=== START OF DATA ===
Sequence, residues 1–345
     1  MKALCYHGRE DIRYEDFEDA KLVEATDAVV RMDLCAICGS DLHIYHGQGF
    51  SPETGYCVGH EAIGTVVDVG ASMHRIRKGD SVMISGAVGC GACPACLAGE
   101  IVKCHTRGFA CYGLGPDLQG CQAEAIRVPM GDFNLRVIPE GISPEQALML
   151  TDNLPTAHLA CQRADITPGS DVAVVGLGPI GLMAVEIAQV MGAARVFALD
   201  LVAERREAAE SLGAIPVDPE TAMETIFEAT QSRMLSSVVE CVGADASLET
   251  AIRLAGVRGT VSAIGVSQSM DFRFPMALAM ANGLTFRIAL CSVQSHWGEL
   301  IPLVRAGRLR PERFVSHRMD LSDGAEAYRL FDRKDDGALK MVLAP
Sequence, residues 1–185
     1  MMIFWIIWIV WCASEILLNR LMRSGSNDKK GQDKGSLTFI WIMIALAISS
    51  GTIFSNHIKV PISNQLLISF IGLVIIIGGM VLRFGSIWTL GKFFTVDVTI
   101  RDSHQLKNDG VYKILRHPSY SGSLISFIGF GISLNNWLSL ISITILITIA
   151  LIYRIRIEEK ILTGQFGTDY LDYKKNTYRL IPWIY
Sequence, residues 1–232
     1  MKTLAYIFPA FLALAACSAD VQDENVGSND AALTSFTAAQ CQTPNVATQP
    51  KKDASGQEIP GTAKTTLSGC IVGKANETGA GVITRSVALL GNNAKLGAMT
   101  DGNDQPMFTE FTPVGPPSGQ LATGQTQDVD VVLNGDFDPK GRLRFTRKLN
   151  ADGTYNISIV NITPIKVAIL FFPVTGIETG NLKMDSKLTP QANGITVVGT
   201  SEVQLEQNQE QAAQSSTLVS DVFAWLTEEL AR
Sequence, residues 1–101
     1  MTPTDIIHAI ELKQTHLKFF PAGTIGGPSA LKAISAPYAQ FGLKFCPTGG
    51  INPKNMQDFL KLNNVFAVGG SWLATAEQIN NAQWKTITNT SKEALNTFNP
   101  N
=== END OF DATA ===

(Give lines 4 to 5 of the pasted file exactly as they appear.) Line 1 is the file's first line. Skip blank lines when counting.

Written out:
   101  IVKCHTRGFA CYGLGPDLQG CQAEAIRVPM GDFNLRVIPE GISPEQALML
   151  TDNLPTAHLA CQRADITPGS DVAVVGLGPI GLMAVEIAQV MGAARVFALD